But there is a second, very serious contradiction involved in the position of the “free offer.” To make this plain it is necessary to quote two more paragraphs of the Introduction:

The question then is: what is implicit in, or lies back of, the full and free offer of the gospel to all without distinction? The word “desire” has come to be used in the debate, not because it is necessarily the most accurate or felicitous word but because it serves to set forth quite sharply a certain implication of the full and free offer, of the gospel to all. This implication is that in the free offer there is expressed not simply the bare preceptive will of God (another will, the will of God’s command, HCH) but the disposition of lovingkindness on the part of God pointing to the salvation to be gained through compliance with the overtures of gospel grace. In other words, the gospel is not simply an offer or invitation but also implies that God delights that those to whom the offer comes would enjoy what is offered in all its fullness. And the word “desire” has been used in order to express the thought epitomized in

Ezekiel 33:11,

which is to the effect that God has pleasure that the wicked turn from his evil way and live. It might as well have been said, “It pleases God that the wicked repent and be saved.” 

Again, the expression “God desires,” in the formula that crystallizes the crux of the question, is intended to notify not at all the “seeming” attitude of God but a real attitude, a real disposition of lovingkindness inherent in the free offer to all, in other words, a pleasure or delight in God, contemplating the blessed result to be achieved by compliance with the overture proffered and the invitation given.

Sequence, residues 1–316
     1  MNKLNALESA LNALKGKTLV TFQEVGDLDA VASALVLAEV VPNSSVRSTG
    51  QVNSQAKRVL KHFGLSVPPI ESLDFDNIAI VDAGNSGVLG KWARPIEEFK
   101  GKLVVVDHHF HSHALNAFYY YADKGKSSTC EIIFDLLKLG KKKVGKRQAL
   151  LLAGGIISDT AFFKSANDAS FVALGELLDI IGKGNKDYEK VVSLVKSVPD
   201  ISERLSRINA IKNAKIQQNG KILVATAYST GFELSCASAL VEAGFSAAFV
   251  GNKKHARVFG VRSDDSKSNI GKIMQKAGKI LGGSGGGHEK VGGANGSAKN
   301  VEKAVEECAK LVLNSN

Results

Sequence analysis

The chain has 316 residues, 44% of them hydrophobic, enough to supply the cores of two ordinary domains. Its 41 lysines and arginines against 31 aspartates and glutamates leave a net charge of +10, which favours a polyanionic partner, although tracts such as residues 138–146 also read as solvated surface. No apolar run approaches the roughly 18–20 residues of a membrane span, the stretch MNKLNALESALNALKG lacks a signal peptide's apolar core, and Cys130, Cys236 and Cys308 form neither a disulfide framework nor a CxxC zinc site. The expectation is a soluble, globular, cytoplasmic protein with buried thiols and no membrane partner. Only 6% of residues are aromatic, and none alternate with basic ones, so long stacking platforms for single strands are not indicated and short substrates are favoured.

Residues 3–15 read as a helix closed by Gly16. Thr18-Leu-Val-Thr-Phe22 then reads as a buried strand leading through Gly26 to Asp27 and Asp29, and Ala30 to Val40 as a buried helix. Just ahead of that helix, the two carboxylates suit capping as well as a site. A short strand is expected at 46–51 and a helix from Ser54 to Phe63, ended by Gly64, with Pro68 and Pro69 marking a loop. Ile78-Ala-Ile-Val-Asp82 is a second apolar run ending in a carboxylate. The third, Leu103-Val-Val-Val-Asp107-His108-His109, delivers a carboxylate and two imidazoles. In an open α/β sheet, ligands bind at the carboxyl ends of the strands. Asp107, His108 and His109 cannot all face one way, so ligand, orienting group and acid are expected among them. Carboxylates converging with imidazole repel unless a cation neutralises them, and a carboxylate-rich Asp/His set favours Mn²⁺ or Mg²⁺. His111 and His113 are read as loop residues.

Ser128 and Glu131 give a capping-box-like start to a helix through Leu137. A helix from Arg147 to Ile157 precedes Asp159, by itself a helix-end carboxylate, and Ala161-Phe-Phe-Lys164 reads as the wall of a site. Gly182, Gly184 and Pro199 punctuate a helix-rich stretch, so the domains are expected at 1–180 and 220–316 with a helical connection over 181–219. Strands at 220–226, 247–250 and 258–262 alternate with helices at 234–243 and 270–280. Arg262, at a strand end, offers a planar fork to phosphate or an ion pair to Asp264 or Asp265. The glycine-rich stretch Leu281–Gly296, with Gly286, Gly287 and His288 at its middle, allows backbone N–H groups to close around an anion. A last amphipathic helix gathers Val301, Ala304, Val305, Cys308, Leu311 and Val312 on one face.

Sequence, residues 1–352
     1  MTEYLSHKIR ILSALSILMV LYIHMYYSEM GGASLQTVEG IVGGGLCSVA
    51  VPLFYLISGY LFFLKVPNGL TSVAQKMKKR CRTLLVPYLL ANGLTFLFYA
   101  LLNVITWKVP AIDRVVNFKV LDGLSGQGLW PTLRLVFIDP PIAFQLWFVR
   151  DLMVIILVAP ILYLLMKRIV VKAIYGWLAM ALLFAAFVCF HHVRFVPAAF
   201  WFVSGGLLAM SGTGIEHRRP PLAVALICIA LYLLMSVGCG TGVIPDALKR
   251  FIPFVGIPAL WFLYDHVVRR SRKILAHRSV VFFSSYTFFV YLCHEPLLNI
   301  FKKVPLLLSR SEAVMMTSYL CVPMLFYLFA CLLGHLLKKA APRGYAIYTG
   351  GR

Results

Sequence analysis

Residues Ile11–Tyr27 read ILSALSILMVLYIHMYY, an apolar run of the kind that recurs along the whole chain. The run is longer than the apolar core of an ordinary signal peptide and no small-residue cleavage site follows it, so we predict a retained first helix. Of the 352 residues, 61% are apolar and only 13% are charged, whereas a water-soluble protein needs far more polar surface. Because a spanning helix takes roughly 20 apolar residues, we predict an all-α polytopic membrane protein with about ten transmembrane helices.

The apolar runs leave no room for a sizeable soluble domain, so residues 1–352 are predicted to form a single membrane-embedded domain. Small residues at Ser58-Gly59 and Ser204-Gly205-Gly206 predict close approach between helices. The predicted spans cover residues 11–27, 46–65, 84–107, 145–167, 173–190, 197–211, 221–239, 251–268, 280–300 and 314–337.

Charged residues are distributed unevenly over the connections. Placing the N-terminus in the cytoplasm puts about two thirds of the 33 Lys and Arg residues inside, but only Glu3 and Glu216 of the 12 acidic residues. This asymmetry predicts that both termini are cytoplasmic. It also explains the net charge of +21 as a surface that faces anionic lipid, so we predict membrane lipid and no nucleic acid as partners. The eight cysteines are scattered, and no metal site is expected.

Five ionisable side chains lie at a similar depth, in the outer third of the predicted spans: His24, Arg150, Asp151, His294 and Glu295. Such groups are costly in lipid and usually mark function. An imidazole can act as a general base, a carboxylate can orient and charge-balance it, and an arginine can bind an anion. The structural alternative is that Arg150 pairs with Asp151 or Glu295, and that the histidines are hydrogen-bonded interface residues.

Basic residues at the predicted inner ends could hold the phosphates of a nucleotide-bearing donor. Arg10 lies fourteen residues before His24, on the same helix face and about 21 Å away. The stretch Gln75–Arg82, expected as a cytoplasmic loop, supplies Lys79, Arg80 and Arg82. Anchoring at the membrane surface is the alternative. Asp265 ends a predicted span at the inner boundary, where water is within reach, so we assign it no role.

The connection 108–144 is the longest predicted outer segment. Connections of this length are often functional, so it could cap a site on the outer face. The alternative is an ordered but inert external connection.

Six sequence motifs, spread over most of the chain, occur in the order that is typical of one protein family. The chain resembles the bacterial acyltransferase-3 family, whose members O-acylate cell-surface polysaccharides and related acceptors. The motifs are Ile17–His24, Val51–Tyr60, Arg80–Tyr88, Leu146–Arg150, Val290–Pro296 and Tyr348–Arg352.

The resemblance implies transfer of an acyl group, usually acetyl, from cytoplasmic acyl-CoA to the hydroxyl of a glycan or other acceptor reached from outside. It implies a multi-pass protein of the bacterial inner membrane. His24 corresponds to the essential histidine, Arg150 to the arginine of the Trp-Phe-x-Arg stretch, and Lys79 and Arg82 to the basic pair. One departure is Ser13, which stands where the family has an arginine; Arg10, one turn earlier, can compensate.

The above language leaves much to be desired as far as clarity is concerned. And there is more to be criticized than the single point which we now make. The only item we now wish to point out is that here is a second contradiction with respect to God. For here it is emphasized that the “free offer to all” bespeaks ac attitude of “lovingkindness” on the part of God. This is said to be “inherent” in the “free offer to all.” And it is even emphasized that this is not a “‘seeming’ attitude” of God, but a “real attitude, a real disposition of lovingkindness.” 

But do not forget that reprobation is not a mere formal decree to damn some. Reprobation means divine hatred! It means that God from eternity hates some. 

Hence, here is the second contradiction in God which is posited by “The Free Offer of the Gospel”: 

1. God from eternity hates the reprobate, and reveals Himself as such. 

2. God is filled with a real disposition of lovingkindness toward the reprobate, and reveals Himself as such. 

Again, of course, the only “escape” from this contradiction is to keep silence about proposition No. 1 or to pervert sovereign reprobation into the Arminian heresy of conditional reprobation. 

But let no one imagine that these are abstract theological problems. They involve God! They involve God’s revelation and its trustworthiness! They involve the truthfulness of the preaching! 

What must the preacher, as an ambassador of Jesus Christ, preach? 

He dare not, in the name of Christ, preach both!